Muslims look forward to Ramadan every year: it’s a time of devotion, kindness, and inner peace. Hunger and tiredness is usually welcomed: it’s a constant reminder of the spiritual choices we make. However, for students, it can be incredibly difficult to balance academia with Ramadan – the early mornings, food slump and lack of water can mean sacrifices towards your studies have to be made. Read on for some clever and quick tips to get the most out of this month both academically and spiritually.
Switch around your routine
This is probably the most important aspect to consider to get the most out of your day while studying and fasting. Your habits change drastically during this month, and so most people benefit from changing up your routine along with it. Spend the first few days trialling different methods, and consider these two popular routines to find what works for you:
- METHOD 1: if you work better in the morning and have daytime responsibilities
– SUHOOR- MIDDAY: Do heavy work, such as essay writing or difficult modules, as you’ll have energy from breakfast
–4PM- 6PM: if you have energy to do more work, do some light work before the evening meal, such as catching up on lectures or admin
–Have a guilt free evening, and use the gaps in the day to take a power nap and fulfil ramadan duties
- METHOD 2: if you’re a night owl and don’t have lectures or heavy day time responsibilities to attend to
IFTAR- SUHOOR :After dinner, until the early hours, do your heavy work. This is great for people who like to drink coffee, water or have a snack while studying
–12- 4PM: after you wake up, do some work here. Again, keep it light: stick to activities that won’t burn you out
–Enjoy your dinner, but make sure to eat well in the evening to not crash as your prime study hours will start a few hours after you eat!
Eat a fulfilling suhoor
What you eat for the morning meal can have an effect on your whole day: and can be the difference between getting some good quality work done or not.
- Mind over matter: It can be tempting to refrain from eating so early in the morning, but it’s important to set yourself up well for the day. Try your best to eat, even if it’s a just a little bit
- Stay hydrated! Dehydration can be detrimental to both your study habits and your health. Make sure to drink ample water in the morning. Electrolyte drinks are also useful to consider: and they can hydrate you faster than water. Coconut water, watermelon or watermelon juice, or simply electrolyte powder or supplements is a great way to boost hydration
- Eat a fulfilling breakfast that will fuel you – it’s not just to fill you up, it’ll also be your brain food! Stick to protein and fibre to give yourself energy and keep yourself full. This can include eating eggs, yoghurt, dates, grains, and fruit. With oats, greek yoghurt and nuts all included, overnight oats has become a popular suhoor food: just grab it out of the fridge in the morning
Prepare yourself for caffeine withdrawal!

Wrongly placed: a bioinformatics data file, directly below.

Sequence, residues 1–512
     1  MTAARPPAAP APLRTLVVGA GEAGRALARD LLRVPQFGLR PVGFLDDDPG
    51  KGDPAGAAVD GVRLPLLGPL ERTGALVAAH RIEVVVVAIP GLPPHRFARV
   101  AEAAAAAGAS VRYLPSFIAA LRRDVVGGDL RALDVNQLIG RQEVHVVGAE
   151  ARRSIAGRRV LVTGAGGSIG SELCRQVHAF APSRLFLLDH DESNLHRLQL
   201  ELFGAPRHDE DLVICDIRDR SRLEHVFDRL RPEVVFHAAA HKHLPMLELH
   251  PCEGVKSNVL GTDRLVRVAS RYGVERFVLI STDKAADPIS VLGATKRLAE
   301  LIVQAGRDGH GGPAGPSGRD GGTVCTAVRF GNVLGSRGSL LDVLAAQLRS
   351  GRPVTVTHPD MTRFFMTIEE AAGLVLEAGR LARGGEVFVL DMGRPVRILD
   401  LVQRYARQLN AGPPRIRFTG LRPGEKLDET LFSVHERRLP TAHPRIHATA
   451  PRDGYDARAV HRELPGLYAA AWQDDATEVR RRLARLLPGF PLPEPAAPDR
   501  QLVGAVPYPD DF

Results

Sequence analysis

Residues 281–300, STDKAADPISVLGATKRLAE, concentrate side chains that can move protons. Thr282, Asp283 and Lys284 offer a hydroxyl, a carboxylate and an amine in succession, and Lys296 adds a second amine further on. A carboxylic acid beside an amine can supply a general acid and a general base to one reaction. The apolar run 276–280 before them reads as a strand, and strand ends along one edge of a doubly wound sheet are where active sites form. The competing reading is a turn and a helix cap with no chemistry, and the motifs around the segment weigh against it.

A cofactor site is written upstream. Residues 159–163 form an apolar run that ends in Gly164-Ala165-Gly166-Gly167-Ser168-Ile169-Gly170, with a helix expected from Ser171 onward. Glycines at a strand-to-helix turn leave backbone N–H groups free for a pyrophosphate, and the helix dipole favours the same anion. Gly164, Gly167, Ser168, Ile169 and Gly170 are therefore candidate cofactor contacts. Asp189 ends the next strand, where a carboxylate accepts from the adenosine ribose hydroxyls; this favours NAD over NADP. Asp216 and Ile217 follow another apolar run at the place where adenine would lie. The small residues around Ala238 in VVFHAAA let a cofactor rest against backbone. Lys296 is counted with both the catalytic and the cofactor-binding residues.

One of the most challenging parts of Ramadan for students is the lack of caffeine. Whether you realise it or not, if you drink coffee or energy drinks every day you are likely dependent on it to concentrate or feel awake. Taking it away suddenly can be incredibly difficult, and you may struggle to complete your work or start to feel irritable. It can also be painful – one of the symptoms of lack of caffeine are withdrawal migraines, which may last hours, so it’s important to confront this issue as soon as you can!
- Have some in the evening or in the morning: To curb caffeine withdrawal, have a little coffee at the right time, depending on your study routine. If you study in the morning, have some here, and if you study after dinner, have it throughout the evening.
- Wean yourself off: It takes 7-10 days to stop experiencing caffeine withdrawal. A week or two before Ramadan, stop drinking coffee so it’s not a shock, or start drinking decaf coffee.
- Consider caffeine supplements: This may seem like an extreme option, but it’s a great solution for people who struggle heavily with the lack of caffeine or have very long days. Time-release caffeine pills can enhance alertness and release energy slowly throughout the day
Don’t isolate yourself
- Find a study buddy: It can feel especially off-putting to study alone late into the night or in the early hours alone. Doing it with those in the same position can leave you feeling fulfilled and keep you on track.
- See your fasting friends and family: Ramadan is a time where you can feel the most demotivated if no one is fasting around you. You won’t be able to study properly if you’re not in the right mental state. Have iftar with your family, make a recipe with your friends, and make sure to talk to someone fasting if you’re feeling lost – they’ll be able to help you through it and share their tips!
Ramadan Mubarak and happy studying!
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Posted by Owen Redman
Co-founder of Roome